Long considered the “Gold Standard” of weight loss operations, a Gastric Bypass procedure creates a small stomach pouch that is reconnected to the small intestine. The stomach is reduced from about the size of a football to the size of a lemon, or 30-cc. The remainder of the stomach is “bypassed” along with the first port of the small intestine. This restricts food portions and limits intestinal absorption. Thus, it is considered a restrictive and malabsorptive operation. Weight loss achieved with a Gastric Bypass can vary, but averages about 60-70% of excess body fat. While the majority of weight loss occurs in the first 6 months additional loss continues at a slower rate for 18-24 months. The nation wide standard of care for laparoscopic gastric bypass was established by Dr. McCarty in 2005, based on his publication in Annals Of Surgery.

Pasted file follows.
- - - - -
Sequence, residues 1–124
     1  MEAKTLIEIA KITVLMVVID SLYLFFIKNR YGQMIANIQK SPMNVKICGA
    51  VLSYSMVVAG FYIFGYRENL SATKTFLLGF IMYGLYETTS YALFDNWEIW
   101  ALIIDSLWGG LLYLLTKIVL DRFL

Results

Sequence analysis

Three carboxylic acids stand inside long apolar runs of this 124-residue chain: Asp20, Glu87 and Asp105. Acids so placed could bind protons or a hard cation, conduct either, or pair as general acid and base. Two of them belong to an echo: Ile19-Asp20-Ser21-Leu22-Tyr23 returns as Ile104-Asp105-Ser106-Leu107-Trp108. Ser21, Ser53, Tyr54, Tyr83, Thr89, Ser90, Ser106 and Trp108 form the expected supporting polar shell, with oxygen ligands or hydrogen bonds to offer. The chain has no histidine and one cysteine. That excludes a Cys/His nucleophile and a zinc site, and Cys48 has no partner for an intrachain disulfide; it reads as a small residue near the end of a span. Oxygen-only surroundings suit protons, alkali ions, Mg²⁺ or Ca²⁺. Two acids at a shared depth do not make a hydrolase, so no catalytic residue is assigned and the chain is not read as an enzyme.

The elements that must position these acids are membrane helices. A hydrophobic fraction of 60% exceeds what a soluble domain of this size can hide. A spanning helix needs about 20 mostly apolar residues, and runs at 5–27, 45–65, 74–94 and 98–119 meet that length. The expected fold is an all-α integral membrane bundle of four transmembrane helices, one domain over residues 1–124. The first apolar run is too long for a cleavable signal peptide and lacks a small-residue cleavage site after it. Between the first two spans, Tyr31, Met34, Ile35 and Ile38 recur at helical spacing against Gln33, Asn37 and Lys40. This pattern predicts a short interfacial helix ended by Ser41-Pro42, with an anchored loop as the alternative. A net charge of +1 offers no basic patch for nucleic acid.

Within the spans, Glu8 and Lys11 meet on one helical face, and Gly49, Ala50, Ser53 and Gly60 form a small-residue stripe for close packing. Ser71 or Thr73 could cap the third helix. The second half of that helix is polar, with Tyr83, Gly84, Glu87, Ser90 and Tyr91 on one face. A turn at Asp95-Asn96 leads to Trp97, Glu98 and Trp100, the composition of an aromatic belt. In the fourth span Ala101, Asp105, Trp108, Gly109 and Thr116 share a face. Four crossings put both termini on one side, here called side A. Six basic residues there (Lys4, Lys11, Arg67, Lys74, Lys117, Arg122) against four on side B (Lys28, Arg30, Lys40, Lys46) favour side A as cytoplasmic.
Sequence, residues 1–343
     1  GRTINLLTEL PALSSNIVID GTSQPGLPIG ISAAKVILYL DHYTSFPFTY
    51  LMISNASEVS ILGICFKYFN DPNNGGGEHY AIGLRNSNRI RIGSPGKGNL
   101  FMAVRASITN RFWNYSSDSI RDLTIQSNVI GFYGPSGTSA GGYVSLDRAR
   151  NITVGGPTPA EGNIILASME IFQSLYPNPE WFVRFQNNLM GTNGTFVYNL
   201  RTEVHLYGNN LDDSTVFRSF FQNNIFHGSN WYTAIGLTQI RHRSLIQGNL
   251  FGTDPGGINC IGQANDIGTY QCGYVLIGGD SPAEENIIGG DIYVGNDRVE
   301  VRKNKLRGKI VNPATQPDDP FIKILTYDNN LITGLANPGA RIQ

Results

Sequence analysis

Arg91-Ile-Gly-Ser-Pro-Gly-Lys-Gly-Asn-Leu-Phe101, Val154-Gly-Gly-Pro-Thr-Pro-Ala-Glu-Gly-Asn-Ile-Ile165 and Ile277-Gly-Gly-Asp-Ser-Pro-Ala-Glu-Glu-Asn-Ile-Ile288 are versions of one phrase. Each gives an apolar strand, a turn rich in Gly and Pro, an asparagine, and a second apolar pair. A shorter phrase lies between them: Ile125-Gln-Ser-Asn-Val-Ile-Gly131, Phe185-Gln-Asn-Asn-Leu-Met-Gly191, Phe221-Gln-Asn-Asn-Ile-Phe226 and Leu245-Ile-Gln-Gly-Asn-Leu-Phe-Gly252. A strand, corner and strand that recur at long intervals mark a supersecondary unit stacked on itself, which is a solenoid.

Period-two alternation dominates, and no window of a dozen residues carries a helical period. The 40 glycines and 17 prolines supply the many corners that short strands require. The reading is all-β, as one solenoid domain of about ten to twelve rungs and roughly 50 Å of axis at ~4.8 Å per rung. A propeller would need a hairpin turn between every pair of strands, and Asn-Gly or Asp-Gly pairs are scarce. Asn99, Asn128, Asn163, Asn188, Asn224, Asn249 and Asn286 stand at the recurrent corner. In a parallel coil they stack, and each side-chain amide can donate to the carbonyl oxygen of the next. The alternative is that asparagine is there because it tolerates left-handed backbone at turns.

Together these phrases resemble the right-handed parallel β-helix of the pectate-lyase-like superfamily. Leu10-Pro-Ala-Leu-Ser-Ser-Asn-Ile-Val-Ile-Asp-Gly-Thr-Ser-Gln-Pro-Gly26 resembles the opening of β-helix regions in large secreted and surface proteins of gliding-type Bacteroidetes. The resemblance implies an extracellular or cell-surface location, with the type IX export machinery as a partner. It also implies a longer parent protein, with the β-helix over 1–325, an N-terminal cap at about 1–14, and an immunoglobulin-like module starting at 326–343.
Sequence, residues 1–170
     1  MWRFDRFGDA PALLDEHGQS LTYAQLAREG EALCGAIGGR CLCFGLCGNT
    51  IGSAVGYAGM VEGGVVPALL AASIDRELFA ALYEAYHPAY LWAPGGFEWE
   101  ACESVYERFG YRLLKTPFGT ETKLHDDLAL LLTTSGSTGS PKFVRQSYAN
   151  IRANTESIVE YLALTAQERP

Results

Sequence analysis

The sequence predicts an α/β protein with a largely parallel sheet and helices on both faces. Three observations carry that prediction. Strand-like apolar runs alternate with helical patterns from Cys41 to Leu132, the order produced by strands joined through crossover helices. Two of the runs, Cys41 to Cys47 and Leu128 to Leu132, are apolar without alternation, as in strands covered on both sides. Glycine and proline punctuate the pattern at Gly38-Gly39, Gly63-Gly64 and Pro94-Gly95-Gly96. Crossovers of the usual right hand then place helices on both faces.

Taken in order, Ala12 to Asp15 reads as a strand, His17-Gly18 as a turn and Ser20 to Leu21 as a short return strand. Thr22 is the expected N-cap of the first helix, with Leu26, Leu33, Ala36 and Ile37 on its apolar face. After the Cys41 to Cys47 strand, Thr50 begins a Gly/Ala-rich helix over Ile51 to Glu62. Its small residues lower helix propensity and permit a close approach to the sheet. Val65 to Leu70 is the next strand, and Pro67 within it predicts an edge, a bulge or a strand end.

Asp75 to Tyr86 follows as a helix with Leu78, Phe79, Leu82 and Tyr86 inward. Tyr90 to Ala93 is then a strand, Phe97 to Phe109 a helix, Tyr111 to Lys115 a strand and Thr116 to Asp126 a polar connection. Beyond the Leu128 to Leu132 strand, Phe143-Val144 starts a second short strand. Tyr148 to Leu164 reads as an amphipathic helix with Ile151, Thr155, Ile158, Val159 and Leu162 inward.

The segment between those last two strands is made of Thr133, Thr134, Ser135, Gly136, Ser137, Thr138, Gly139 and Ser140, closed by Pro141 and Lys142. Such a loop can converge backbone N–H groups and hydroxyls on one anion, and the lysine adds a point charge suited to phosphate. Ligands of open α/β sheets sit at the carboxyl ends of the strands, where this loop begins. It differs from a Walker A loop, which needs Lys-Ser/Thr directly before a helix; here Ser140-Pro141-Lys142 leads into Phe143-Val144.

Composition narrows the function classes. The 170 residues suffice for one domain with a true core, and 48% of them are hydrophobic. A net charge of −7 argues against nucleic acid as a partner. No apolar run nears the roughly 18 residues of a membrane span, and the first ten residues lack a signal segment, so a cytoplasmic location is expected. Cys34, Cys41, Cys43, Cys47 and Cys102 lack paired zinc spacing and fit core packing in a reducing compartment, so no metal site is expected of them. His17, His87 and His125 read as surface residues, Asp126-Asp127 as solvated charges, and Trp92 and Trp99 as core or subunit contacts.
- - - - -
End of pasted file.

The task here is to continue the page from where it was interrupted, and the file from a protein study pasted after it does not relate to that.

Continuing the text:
Gastric Bypass Surgery Patient Benefitsⱡ
Patients can expect to lose 60-80% of their excess body weight – View Study